Logo   USS Constitution, "Old Ironsides"
The USS Constitution, still commissioned in the service of the US Navy, is now in drydock for repairs, but you can still visit it—for free.


USS Constitution (Old Ironsides) at dusk, Boston MA


USS Cassin Young, Boston MA
USS Cassin Young




The oak-hulled, three-masted 44-gun heavy frigate was built in Boston, given the name USS Constitution by President George Washington, and launched in 1797 as one of the six original capital ships of the young United States Navy.

Constitution fought Barbary pirates off the coast of North Africa (1801-1805), and defeated five British warships in the War of 1812.

In the notable battle with HMS Guerriere in August 1812, the Constitution's unusually thick and sturdy oak hull resisted the British ship's cannonballs so well—bouncing them off her sides—that she earned the nickname "Old Ironsides."

Constitution later saw continued service in the Mediterranean and along the coasts of Africa.

  Bow of USS Constitution (Old Ironsides), Boston MA
  Bow of USS Constitution

During the American Civil War, she was used as a training ship for United States Naval Academy midshipmen.

Constitution was retired from active service in 1881, but she still sailed, notably on a 90-city tour of the USA in 1931. She is the world's oldest commissioned warship afloat.

Docked in Boston Harbor at the Charlestown Navy Yard (map), she was in a deteriorated condition, but was restored for her 200th birthday in 1997, and she sailed out into Boston harbor under her own power then, and again in 2012.

In May 2015 she again moved into Dry Dock 1 at the Charlestown Navy Yard for repairs, including replacement of the 3400 copper sheets that protect her hull from wood-boring sea worms. Constitution had been the first ship to enter Dry Dock 1—in 1833. Repairs are expected to take three years and cost $12 to $15 million.

Constitution is open to visits during repairs, which are not carried out during visiting hours. Admission to the shipyard and to the ship is free of charge.

When you visit the USS Constitution, if you're 18 years of age or older, you must present a government identification document such as a driver's license or passport, and you will pass through a security check: metal detector and x-ray of bags.

You may visit the top deck of the vessel on your own. To visit belowdecks, you must take the free 30-minute guided tour.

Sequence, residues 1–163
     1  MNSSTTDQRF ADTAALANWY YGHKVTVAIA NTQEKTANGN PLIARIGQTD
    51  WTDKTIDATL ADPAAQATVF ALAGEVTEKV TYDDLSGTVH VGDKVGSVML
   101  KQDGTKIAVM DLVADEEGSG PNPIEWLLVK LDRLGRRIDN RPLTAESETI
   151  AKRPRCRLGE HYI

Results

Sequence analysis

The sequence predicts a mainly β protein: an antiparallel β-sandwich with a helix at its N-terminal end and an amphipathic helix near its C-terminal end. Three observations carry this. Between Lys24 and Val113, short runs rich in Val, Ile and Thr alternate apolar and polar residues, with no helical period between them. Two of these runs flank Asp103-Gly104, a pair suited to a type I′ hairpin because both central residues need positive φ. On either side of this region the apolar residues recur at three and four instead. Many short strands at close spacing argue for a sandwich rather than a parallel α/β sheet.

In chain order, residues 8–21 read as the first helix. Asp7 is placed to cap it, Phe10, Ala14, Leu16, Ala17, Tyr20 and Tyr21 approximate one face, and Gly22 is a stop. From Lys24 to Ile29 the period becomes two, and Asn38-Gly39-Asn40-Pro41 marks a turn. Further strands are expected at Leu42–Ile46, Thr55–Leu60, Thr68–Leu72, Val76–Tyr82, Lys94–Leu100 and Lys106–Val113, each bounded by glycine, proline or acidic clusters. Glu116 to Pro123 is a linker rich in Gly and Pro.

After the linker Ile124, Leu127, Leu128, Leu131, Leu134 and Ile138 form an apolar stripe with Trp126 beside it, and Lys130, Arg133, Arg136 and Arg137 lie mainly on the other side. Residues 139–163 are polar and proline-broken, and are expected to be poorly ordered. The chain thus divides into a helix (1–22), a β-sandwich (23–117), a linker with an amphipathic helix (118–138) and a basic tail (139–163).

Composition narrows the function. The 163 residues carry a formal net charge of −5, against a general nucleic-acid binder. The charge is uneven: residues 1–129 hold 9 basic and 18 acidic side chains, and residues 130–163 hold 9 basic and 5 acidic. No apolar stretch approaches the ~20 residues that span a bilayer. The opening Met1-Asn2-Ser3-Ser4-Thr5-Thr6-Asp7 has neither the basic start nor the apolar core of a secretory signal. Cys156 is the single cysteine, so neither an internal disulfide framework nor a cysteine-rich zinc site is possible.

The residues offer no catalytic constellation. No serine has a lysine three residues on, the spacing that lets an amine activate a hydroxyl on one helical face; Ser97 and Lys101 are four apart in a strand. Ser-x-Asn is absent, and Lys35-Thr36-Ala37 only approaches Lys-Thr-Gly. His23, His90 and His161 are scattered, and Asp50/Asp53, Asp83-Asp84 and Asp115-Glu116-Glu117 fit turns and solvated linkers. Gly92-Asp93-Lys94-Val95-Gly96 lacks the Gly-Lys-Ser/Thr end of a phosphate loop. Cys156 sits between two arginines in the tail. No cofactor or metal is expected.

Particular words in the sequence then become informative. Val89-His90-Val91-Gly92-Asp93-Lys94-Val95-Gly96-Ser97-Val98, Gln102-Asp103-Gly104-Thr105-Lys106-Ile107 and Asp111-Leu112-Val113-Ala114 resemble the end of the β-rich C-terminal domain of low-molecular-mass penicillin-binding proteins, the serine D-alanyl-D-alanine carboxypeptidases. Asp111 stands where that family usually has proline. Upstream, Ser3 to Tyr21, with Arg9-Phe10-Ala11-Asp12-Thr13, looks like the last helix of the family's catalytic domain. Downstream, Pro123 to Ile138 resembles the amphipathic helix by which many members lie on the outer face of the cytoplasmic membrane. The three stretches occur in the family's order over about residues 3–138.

In the historic granite drydock (1833) next to the USS Constitution is the USS Cassin Young (DD-793), a Fletcher-class destroyer built in 1943 by Bethlehem Steel Corporation. The Cassin Young, named for a US Navy captain awarded the Medal of Honor, saw much action in the Pacific during WWII, and was retired in 1960.

The nearby USS Constitution Museum, a separate entity, houses many artifacts dealing with the Constitution's history and its 40 battles at sea (all won), besides a "Life at Sea" exhibit, showing what shipboard life was like in 1812. Donations are suggested for the museum.

The Boston National Historical Park - Charlestown Navy yard also offers programs on the Navy Yard and the American Revolution in Building No. 5 (between the ship and the USS Constitution Museum).

Check the USS Constitution website for information on visiting hours.

The easiest way to reach the Charlestown Navy Yardand USS Constitution is by MBTA F-4 Inner Harbor Ferry from Long Wharf near the New England Aquarium. You can also take the MBTA Orange Line subway to the Community College station and walk to Bunker Hill or to the Charlestown Navy Yard.

USS Constitution ("Old Ironsides")
Boston National Historical Park
1 Constitution Road (Charlestown)(map)
Boston MA 02129

—by Tom Brosnahan

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USS Constitution (Old Ironsides), Boston MA

USS Constitution ("Old Ironsides"), Boston MA.


USS Constitution (Old Ironsides), Boston MA

USS Constitution (Old Ironsides) & Bunker Hill Monument, Boston MA

USS Constitution with the
Bunker Hill Monument in the background.

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